Yeah. All the above all the above the, the positive stuff, boy that goes way back. It's probably like a yoga class that I took at Wild Oats or Whole Foods back in the early 90s. But for a while, I was sitting a lot with the Denver Zen Center. And I think aesthetically, I really like the Zen culture. Largely because it's so it's there like the moraines spiritual world, you know what I mean? Like, there, you go to a beautiful, like Tibetan monastery and there's a 30 foot gold Buddha, you're like, Whoa, right. That's a mate. And they're incense burning everywhere. You know, and you go to a Zen Center, and there's like a little stone Buddha in the corner. And they're like, face the wall. I'll see in an hour. Yeah, exactly. So and their techniques are just like, you know, breathe in, count to one breathe out to get to 10. Do it over. That's it. Yeah. And that's for we'll do see you in 40 years after that. So
that's how I learned to meditate was from a Zen and Taoism class in college. Yeah. And that's pretty much exactly what we did.
Yeah. Yeah. And that's, that's how I started to, I think the confusing thing for me, and maybe it resonates with other people is a lot of times I'd spend thinking, like, Am I doing this? Right? Is this what I'm supposed to be doing? You know, when you get to the end, and you, you, let's say you just dunk in the end zone, it's a lot easier to understand what you're doing going forward. Not to keep bringing up psychedelics, but I feel like that's kind of what it gives you. It gives you the end results, and then it's little nonconsensual. So thank God, it kind of dispels after a while, but you understand that there's a Delta of consciousness capable to you. And you can kind of find these maps that will show you that the terrain you just experienced, you know, and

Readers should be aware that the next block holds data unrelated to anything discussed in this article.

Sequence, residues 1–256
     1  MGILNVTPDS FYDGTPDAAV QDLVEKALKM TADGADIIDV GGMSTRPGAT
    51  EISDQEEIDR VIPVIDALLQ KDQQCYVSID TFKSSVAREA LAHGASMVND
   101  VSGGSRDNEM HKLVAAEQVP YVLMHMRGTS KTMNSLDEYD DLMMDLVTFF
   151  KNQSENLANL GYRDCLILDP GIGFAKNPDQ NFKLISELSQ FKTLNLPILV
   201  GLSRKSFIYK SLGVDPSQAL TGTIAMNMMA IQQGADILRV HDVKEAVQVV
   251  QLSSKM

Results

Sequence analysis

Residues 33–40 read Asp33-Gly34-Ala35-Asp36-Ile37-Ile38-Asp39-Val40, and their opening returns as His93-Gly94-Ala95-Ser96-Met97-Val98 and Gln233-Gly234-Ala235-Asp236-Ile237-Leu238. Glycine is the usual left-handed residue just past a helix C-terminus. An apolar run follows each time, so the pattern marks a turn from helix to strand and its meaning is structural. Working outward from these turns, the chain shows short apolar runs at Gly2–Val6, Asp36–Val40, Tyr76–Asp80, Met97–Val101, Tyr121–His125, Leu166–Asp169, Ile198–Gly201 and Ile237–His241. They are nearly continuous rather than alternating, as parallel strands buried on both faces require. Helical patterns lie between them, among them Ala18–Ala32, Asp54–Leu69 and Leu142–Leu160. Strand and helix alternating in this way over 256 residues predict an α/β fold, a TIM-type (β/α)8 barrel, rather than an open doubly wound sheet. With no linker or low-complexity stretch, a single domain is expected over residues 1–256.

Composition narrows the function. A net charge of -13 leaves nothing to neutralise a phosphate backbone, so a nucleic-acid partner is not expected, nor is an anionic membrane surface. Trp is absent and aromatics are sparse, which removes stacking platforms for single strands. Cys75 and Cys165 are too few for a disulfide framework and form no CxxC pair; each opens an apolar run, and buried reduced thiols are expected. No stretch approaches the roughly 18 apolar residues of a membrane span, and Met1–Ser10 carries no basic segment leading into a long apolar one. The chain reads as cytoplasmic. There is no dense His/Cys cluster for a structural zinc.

the great thing is, you almost can't do it wrong. True, if you are if you're sitting in a meditation practice, and let's say you're making a valiant attempt to anchor your attention to your breath. Yeah. And and it's going to feel like you're doing it wrong. Well, you're not. You can't do that wrong. You all you can do is keep showing up. Yep, exactly. And you keep showing up for a while, and then it starts to feel like okay, maybe I am doing something. Yeah, absolutely.
That's why I like the, like, 910 minute sessions where, you know, your brain swirling through the day, and it's like, I can take nine or 10 minutes, any day of the week, just relax. And I'm gonna do this to just calm down.
And you see a immediate benefit, just to bring it back to like your business and the way that you function. Because like myself, like it's so in my head. Like, that's, that's one of my things that I've been working on for a long time Bill knows this really well, because he's helped me get out of my head and into my body. But do you see, like, you know, the kind of that end result like that you speak of is one of those that's so enticing. You're like, clarity around your business or your energy or focus, like, what are you seeing there?